Pretending to Be Batman Helps Kids Focus on Boring Tasks, Study Shows


Donning a cape or a crown could help kids get work done -- even when they're tempted by attractive distractions. ballero/iStock/Thinkstock
Donning a cape or a crown could help kids get work done -- even when they're tempted by attractive distractions. ballero/iStock/Thinkstock

Pretending is fun. Take the simple task of making breakfast: Would you rather make scrambled eggs while pondering your utility payments or, say, pretend you're a short-order cook tasked with making the World's Best Scrambled Eggs for a celebrity? Breakfast is a lot more interesting when there's something at stake.

According to a recent study in the journal Child Development, kids are savvy to this trick. Aiming to test the benefits of self-distancing (viewing personal experiences from an outsider's perspective) on children's perseverance, the researchers asked 180 kids, ages 4 or 6, to do a pretty boring computer task for 10 minutes. Although all the kids had to do was press a key when they saw a certain image, they were told the task was important and that they had to be "good helpers." They could take breaks to play a game on an iPad if they wanted.

The researchers split the kids split into three groups, and asked each to think about its performance on the given task from a certain perspective: self-immersed, third-person or exemplar. Kids in the self-immersed group asked themselves, "Am I working hard?" The third-person group reflected on the task by asking, "Is [the child's name] working hard?" And the exemplar group? Those children imagined they were either Batman, Bob the Builder, Rapunzel or Dora the Explorer — well-known characters who are model hard workers — and were given props to help them get in character. They were told to ask themselves, "Is [whatever character was chosen] working hard?" Every minute of the task, a recorded voice prompted the children with their allotted question.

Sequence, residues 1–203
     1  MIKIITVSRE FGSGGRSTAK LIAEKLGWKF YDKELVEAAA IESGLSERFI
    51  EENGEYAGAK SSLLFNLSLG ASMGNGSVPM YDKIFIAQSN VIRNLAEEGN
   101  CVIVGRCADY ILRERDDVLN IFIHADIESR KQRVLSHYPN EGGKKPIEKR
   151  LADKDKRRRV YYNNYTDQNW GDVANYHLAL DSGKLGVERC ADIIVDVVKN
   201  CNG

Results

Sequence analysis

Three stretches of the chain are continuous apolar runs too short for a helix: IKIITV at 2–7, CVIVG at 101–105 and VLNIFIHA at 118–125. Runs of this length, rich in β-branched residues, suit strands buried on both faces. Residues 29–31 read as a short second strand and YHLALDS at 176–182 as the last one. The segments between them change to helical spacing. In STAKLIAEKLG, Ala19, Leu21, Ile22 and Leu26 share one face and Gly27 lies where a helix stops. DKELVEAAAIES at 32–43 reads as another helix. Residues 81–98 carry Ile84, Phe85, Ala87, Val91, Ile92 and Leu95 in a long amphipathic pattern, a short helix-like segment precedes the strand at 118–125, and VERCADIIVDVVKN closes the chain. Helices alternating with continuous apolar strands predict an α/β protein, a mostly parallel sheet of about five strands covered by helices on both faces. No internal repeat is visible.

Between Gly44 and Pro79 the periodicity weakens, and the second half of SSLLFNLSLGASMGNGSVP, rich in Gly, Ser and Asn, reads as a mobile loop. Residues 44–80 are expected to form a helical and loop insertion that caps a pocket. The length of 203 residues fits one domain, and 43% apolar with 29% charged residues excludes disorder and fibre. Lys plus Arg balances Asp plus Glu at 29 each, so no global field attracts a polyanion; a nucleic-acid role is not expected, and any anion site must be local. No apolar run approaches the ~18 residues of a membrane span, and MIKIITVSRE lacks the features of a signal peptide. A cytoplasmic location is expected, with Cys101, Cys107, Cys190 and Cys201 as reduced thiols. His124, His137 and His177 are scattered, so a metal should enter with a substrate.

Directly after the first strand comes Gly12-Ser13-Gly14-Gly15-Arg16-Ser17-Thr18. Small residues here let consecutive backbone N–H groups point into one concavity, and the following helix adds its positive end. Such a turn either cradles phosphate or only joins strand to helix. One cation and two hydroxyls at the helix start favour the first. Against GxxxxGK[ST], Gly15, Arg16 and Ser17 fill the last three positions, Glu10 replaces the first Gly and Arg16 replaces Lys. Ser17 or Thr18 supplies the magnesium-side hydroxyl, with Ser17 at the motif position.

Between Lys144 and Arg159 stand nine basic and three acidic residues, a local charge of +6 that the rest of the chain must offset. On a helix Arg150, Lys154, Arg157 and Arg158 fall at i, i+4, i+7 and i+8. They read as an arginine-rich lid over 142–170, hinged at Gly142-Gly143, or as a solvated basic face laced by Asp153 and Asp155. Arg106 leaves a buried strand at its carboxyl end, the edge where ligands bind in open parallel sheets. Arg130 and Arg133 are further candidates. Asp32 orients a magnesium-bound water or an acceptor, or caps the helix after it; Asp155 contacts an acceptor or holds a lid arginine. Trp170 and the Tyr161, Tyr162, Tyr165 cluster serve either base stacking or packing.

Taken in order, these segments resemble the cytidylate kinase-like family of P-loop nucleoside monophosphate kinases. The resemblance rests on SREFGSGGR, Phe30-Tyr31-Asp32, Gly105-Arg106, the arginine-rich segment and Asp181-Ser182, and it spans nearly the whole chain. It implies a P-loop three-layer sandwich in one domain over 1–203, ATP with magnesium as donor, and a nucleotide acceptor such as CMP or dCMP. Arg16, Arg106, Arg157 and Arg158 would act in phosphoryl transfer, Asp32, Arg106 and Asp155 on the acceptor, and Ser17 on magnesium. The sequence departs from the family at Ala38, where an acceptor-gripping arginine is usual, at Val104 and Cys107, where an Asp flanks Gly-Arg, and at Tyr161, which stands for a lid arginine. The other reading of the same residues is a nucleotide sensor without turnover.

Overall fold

The researchers found that the kids in both age groups who imagined themselves as a character spent a longer time on the task. (Although, predictably, the younger kids spent less time on the task than the older kids, across the board.) The 6-year-olds who were asked to reflect in first person spent about 35 percent of the time on the task rather than on break, and the 4-year-olds just over 20 percent. But the children pretending to be fictional heroes spent 55 percent of their time working, while the 4-year-olds in this group spent 32 percent of their time on task.

The researchers posit that when the children used third-person or impersonated characters, the kids distanced themselves from the boring task and tempting game, allowing them to gain more focus and self-control. "Taking an outsider's perspective on one's own behavior can improve perseverance in the face of entertaining distractions," the researchers say in the study.

But interpreting these results is not so simple. Is pretending to be a character just fun? Does it make kids think like their powerful alter ego? The study authors say answering these questions will require more research. Regardless, the current study suggests that for kids, sticking to a task might be easier with role play.



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